On November 17, 2020, the Working Group on Bribery of the Organization for Economic Co-operation and Development (OECD Working Group), issued its Phase 4 Report (the Report) concerning enforcement by the US of the Foreign Corrupt Practices Act.
The Report, which was issued following a year-long review by the OECD Working Group, applauded the “sustained and outstanding commitment” to FCPA enforcement by the US. The Report noted that—since the OECD Working Group issued its Phase 3 Report in 2010—average annual enforcement actions of the FCPA and related offenses increased from 18.75 per year to 37.7 per year. In that regard, between September 2010 and July 2019, the US brought 394 separate FCPA-related cases, resulting in convictions or sanctions against 174 companies and 115 individuals for foreign bribery and related offenses. The OECD Working Group credited this increase in bribery enforcement to enhancements in expertise and resources, willingness by the SEC and DOJ to tackle a broad range of bribery offenses, the effective use of non-trial resolutions, and the development of policies to encourage companies’ cooperation with law enforcement.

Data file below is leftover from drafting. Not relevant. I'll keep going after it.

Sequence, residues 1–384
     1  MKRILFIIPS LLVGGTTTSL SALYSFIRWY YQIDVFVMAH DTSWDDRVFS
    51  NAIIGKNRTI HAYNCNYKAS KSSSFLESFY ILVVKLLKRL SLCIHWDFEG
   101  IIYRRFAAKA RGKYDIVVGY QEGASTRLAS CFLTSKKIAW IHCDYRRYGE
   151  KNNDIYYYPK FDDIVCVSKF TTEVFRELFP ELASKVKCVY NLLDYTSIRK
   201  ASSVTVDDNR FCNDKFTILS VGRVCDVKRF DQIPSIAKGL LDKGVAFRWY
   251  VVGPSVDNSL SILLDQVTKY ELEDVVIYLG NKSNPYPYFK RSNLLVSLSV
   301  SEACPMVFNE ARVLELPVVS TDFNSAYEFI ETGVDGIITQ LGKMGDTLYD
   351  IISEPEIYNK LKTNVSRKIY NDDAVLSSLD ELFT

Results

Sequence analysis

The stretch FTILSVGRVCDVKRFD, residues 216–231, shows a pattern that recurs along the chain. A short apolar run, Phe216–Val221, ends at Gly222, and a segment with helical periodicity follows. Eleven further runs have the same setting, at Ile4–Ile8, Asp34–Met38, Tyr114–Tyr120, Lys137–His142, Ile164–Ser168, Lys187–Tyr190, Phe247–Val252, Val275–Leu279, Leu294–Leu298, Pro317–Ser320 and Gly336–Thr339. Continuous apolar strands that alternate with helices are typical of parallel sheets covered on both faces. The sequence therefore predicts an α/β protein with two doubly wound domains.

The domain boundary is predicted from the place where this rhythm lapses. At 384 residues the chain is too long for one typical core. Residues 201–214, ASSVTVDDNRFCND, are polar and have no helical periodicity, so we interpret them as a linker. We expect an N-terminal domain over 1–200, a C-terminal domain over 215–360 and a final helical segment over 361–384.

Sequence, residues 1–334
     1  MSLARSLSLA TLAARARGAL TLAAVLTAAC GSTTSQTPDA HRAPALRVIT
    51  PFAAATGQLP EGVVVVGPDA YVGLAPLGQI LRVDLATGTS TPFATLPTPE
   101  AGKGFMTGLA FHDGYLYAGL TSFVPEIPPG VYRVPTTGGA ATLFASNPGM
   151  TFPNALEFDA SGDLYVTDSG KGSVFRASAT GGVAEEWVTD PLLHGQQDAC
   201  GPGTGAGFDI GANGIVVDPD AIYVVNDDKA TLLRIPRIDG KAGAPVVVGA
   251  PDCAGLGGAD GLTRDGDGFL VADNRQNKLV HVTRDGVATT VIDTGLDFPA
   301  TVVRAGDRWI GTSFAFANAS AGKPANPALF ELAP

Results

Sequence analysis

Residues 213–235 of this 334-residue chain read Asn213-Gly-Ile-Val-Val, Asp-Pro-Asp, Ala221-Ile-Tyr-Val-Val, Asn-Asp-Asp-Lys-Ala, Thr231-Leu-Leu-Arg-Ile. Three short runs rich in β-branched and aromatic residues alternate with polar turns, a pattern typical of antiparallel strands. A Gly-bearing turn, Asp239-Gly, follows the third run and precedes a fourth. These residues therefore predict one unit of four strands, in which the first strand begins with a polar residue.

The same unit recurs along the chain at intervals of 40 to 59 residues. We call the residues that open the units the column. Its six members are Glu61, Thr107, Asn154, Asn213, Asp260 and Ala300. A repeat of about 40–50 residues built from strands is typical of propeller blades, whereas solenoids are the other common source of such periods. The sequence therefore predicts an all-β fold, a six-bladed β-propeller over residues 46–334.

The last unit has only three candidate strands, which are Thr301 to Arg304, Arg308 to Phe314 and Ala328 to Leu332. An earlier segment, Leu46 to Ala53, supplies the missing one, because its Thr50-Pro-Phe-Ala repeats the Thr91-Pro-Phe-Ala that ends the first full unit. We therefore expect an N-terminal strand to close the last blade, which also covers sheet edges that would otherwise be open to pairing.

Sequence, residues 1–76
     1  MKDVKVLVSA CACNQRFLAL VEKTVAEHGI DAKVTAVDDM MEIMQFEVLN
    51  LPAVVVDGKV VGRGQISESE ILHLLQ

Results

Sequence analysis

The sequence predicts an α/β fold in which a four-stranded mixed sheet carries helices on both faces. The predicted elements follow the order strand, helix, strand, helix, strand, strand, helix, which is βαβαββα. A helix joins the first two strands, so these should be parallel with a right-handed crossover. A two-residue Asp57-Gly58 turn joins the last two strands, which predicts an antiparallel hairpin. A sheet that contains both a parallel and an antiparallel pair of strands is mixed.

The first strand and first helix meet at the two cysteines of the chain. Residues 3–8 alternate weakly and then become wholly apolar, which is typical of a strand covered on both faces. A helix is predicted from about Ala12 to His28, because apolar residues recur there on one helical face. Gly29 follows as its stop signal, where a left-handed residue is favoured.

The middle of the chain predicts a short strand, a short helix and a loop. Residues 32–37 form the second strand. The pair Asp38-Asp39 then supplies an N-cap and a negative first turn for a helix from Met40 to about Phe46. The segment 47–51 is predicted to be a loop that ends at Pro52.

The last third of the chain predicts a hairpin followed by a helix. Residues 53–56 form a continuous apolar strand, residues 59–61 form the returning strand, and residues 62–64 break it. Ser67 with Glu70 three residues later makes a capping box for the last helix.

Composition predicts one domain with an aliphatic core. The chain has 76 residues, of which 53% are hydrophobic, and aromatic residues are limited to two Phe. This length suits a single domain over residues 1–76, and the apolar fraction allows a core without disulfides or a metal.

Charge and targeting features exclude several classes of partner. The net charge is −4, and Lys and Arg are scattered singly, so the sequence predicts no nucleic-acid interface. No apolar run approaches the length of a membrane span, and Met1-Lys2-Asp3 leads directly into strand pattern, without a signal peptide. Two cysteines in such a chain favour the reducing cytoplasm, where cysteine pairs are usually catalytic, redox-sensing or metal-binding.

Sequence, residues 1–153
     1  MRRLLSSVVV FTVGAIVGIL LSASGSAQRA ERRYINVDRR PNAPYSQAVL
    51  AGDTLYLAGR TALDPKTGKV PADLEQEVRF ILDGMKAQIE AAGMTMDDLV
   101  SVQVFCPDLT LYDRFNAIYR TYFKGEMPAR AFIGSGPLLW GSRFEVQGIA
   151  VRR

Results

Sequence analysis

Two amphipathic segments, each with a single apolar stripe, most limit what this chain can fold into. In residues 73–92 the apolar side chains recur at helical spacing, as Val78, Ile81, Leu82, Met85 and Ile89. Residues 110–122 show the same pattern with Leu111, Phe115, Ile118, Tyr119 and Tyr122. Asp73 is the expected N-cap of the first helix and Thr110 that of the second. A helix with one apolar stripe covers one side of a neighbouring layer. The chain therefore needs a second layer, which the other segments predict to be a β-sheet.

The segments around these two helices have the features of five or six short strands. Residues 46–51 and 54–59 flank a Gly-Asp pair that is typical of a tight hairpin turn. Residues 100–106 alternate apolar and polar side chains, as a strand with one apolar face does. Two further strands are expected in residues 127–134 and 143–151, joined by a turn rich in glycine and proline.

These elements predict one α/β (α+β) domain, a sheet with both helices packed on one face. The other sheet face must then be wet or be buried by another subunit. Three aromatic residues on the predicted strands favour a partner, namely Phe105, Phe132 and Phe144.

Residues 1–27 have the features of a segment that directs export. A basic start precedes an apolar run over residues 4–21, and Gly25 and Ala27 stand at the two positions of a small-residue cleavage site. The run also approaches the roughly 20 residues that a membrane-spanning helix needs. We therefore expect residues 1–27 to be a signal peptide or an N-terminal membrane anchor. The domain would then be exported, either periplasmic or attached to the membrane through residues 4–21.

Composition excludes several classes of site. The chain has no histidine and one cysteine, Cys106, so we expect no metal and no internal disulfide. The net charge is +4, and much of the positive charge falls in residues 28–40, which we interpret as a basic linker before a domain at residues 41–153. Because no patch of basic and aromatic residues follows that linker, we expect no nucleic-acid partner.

The Report also highlighted the critical role that whistleblowers play in detecting foreign bribery, and the encouragement by the US of whistleblowers through the 2010 enactment of the Dodd-Frank Wall Street Reform and Consumer Protection Act, which offered multi-faceted protections to qualified whistleblowers. However, the Report noted that federal whistleblower protections do not “cover all whistleblowers who may report potential foreign bribery violations,” and encouraged the US to (i) consider ways to increase protections for whistleblowers “who report suspected acts of foreign bribery by non-issuers” and (ii) “enhance guidance about the protections available to whistleblowers who report suspected acts of foreign bribery depending on the competent enforcement agency to which they report.”
The OECD Working Group is made up of representatives from 44 countries who meet four times per year to discuss global efforts to fight the bribery of foreign officials, and who issue reports to evaluate and advise countries on their individual efforts to combat foreign bribery.